Bound, Not Gagged

Kathryn Harrison Speaks Out About Public Scorn, Private Obsessions, and Her New Novel

One of her critics' prime accusations is that Harrison blurs the line between fiction and nonfiction too much: Thicker Than Water, Harrison's first novel, was about a girl sexually abused by her father, and the second, Exposure, was about a woman whose father photographed her naked. When The Kiss came out, many complained that Harrison's novels were just thin variations on her life story. Which they were, albeit well-written ones. But because of the charged nature of Harrison's experience, one can't help but see her as a woman returning obsessively to some primal scene, picking at scabs.

Harrison says now that if she'd written Thicker Than Water "10 years down the line when people were writing more confessional books, maybe I wouldn't have written it as a novel." She came to dislike it "for the ways in which it had cloaked my experience. Isabel, the narrator of that novel, is a more innocent version of myself, more of a victim than I was. The father is more of a prosaic bad guy than I understood my own father to be." That sense of self-betrayal, she says, was the impetus for writing her memoir.

But Harrison got caught in the backlash against confession, and The Kiss served perfectly as a target. "I expected that a number of people would come down on me for what I had done: Kathryn Harrison is a reprehensible person, she is amoral. I didn't expect to be attacked for having chosen to write about it," she says, seeming genuinely puzzled. "And I was foolish enough to believe that people could say, 'This is a distasteful subject, but at least the book is well-written.' "

Kathryn Harrison may present a portrait of perfection, but the byproducts of her vida loca surface in conversation.
Kathryn Harrison may present a portrait of perfection, but the byproducts of her vida loca surface in conversation.

She was accused of a exhibitionism and a naïvete about sexual abuse. Most of all, critics were angry that she published the thing with her father (not to mention her children and her husband, Harper's editor Colin Harrison) still living. "People said, 'Write it, but put it in a drawer.' If I had been planning to put it in a drawer, there would have been a lower standard imposed on the book—in terms of honesty, every single thing I wrote I had to stand behind."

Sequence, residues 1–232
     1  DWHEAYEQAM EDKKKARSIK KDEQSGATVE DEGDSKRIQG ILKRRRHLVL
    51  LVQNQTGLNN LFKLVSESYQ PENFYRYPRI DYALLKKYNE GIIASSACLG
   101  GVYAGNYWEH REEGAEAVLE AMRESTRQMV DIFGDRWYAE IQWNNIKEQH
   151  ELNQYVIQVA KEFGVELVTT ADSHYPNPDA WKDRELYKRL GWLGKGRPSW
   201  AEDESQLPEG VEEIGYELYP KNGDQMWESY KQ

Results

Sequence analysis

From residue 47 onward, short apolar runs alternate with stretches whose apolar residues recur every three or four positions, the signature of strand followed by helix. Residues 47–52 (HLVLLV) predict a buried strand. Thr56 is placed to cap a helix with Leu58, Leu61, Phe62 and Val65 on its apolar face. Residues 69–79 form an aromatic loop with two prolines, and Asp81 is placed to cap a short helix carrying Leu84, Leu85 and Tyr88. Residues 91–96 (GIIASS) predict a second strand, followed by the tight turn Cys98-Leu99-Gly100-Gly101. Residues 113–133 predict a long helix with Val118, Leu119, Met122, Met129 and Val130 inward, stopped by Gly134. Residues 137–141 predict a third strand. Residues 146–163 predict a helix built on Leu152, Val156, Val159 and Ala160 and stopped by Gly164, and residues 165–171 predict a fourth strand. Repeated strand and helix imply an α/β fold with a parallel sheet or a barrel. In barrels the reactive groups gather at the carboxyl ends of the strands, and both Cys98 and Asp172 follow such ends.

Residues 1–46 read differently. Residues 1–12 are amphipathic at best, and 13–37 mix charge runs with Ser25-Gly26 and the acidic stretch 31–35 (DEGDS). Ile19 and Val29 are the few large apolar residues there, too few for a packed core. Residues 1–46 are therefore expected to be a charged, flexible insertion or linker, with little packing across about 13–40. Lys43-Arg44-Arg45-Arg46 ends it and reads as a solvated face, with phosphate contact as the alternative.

A part of Harrison obviously revels in her role as provacateur. The media onslaught "was exhausting," she says, "but I have no regrets about publishing the book. It was a real lesson in projection. I was in a position to have people explode in my face! I would just stand back and say, 'Whoa! What is going on with you?' It was as if the book had this mechanism for lancing boils!

"People really don't like gray areas," she smiles. "I looked at my father, mother, and myself as human beings . . . who made a big mistake. We fucked up! But in telling it I didn't want a person in a white hat and another in a black hat. So it is ambiguous, and it does make a lot of people uncomfortable."

Harrison shifts her baby, who has started to giggle in her sleep. "The other part of it," she continues quietly, "is I just seem a little too much like everybody else. If I weren't married, if I didn't have children, if I'd written it from my locked cell—if I were marked in some way that was visible, people would have been more comfortable."

It does seem to weaken one of our last taboos—what's the point of the incest prohibition if you break it and turn out OK anyway? "Of course I am marked by it, but it's private, I don't wear it like Hester Prynne's scarlet letter."

It remains to be seen how The Binding Chair will be received by the literary community. After being chastised for spilling her guts in The Kiss, Harrison has returned to a genre—the quiet world of historical fiction—that allows her to mine her trademark preoccupations in relative safety. Though Harrison's prose is as controlled and precise as she herself is poised and articulate, the book overflows with a cast of troubled characters struggling to keep their guards up. And the drive toward self-revelation is most alive in May, who refuses to live out the remainder of her life with an awful secret unspoken. The Binding Chair leaves us wondering where Kathryn Harrison's overheated obsessions might take her next.

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